US diplomats had direct talks with Syria for years – report
“The White House’s policy in 2011 was to get to the point of a transition in Syria by finding cracks in the regime and offering incentives for people to abandon Assad,” an unnamed former senior Obama administration official told the Wall Street Journal, saying disgruntled Alawite military officers were targeted.
President Barack Obama’s first “Assad must go” public statement of the policy came in August 2011. Four years later, the exact policy remains unclear.
Earlier this week, Secretary of State John Kerry said the US “and our partners are not seeking so-called regime change” after meeting Russian President Vladimir Putin and his foreign minister Sergei Lavrov. But on December 23, Obama told reporters, “Assad is going to have to leave in order for a country to stop the bloodletting and for all the parties involved to be able to move forward in a non-sectarian way.”
How Assad leaves before a negotiated cease-fire and subsequent national elections are held, without a US regime change policy, remains unclear. Events and conversations that led to this point, however, are slightly less blurry than they once were, now that officials from multiple countries have spoken to the Journal.
“We have had times where we’ve said: ‘You could create a better environment for cease-fires if you stop dropping barrel bombs,’” a senior US official said.
“There’s communicating on specific issues,” the official added. “It’s not like Cuba or Iran, where we thought that we would essentially, in a secret bilateral negotiation, resolve the issue.”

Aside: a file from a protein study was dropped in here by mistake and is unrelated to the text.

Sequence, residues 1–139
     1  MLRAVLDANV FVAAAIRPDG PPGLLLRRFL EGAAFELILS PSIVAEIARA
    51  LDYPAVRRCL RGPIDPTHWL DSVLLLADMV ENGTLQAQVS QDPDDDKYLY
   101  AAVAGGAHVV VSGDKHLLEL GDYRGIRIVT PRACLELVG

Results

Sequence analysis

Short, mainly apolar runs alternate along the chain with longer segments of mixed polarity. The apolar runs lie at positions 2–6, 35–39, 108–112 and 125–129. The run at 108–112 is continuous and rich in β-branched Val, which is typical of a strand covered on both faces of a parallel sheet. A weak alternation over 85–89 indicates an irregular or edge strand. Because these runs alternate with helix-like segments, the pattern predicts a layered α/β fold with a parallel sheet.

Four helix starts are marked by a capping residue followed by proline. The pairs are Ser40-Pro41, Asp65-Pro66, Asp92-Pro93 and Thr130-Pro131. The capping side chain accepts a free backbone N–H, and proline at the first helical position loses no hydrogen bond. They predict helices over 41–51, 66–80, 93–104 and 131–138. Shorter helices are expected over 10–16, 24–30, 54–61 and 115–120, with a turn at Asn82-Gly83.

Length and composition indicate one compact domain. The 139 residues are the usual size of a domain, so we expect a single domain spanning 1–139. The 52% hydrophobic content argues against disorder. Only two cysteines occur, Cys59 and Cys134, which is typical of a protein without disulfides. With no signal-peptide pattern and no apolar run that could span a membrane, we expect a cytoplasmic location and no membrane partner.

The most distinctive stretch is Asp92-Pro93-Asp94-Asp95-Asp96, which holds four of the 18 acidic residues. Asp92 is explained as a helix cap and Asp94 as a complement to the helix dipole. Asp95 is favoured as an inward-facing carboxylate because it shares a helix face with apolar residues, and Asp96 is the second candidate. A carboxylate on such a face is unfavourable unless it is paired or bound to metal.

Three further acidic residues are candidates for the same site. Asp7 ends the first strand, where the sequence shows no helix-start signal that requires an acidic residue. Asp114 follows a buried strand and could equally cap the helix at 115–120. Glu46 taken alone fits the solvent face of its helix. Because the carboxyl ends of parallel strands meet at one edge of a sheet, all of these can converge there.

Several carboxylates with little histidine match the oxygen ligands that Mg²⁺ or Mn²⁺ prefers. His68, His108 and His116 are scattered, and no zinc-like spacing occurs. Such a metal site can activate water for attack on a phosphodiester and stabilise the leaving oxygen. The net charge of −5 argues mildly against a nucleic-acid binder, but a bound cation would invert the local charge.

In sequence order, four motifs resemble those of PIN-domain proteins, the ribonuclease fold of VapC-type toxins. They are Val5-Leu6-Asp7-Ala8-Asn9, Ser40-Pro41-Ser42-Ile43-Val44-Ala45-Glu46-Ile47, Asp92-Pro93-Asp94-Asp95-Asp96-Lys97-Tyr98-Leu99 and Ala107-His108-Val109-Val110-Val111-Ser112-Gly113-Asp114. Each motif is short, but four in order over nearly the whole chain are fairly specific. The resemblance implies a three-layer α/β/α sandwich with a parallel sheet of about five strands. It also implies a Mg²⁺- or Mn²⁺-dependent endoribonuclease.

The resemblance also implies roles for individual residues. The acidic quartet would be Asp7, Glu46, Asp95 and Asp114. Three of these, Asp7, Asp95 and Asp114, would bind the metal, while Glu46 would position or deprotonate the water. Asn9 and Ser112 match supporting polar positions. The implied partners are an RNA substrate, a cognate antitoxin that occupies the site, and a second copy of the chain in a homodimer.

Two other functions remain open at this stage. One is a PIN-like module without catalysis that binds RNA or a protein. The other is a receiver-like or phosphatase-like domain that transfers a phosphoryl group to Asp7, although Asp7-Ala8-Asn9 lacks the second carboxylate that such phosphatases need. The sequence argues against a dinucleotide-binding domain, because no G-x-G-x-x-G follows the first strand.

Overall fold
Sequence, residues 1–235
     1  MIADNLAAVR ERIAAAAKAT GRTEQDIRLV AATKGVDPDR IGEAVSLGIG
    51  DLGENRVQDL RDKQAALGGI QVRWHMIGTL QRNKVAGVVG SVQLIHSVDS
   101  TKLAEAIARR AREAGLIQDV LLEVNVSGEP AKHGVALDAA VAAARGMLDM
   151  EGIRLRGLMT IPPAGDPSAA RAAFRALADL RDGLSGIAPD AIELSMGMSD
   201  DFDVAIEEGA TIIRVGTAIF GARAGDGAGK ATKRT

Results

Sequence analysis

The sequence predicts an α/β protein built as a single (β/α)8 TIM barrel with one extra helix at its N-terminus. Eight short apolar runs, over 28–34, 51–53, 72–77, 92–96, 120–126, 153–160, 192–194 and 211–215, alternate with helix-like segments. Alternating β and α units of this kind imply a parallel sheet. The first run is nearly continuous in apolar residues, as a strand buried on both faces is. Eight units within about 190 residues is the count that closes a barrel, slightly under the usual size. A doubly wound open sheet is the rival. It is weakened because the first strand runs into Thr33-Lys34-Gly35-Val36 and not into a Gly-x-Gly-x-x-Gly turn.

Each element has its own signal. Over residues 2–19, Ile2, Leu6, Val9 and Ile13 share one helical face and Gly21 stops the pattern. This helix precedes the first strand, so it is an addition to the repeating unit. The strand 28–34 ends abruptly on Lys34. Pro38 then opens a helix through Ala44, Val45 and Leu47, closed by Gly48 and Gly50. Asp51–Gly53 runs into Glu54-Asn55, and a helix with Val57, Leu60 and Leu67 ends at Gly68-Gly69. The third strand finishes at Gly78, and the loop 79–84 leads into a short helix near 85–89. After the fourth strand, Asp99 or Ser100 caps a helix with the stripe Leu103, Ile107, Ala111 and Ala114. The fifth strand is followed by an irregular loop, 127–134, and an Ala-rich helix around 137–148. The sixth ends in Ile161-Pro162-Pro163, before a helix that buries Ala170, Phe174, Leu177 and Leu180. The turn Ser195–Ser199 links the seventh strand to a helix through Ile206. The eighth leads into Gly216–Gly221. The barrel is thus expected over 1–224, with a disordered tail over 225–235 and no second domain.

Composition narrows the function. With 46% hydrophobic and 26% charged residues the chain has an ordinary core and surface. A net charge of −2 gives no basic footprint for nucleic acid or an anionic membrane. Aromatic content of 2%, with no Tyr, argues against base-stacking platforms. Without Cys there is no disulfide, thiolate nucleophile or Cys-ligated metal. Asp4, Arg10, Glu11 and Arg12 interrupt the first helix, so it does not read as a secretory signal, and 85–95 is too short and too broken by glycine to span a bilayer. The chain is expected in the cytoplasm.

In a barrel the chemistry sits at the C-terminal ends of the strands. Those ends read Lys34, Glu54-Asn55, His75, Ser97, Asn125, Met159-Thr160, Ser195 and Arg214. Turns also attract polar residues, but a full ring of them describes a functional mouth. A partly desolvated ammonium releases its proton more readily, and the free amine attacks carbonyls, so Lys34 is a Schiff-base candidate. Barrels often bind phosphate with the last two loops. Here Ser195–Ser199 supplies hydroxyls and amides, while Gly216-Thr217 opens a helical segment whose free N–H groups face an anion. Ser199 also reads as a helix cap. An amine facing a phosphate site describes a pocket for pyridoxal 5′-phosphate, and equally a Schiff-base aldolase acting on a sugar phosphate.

Those talks didn’t go far if anywhere at all, as the Assad regime reportedly gained legitimacy from simply having open lines of communication with Americans.
The former US ambassador to Damascus, Robert Ford, who has strongly supported arming Islamist rebel groups, said the Assad regime “is very supple politically. They’re very smart,” continuing, “They’re always testing for weaknesses and pushing the envelope.”
Failure to steer Syrian operations diplomatically led to more focus on arming “moderate” rebels in Syria, though it failed miserably as those deemed moderate were often coerced or heavily pressured by more militant extremists to hand over or sell their US-supplied arms.
“Russia doubled down and Iran doubled down, and it didn’t really have an effect,” a former Obama administration official said, referring to ineffective rebel training effort.
By the summer of 2012, the White House directed warnings through Russia and Iran to Assad, telling him not to resort to chemical weapons. In August, Obama infamously told the world such an attack would cross a “red line,” prompting military action.
At the time, Deputy Secretary of State William Burns, who retired in 2014, phoned Syrian foreign minister Walid al-Moallem twice to reiterate the warning, but come August 2013, sarin gas was used to kill some 1,400 people, and the US did not follow through on its threat.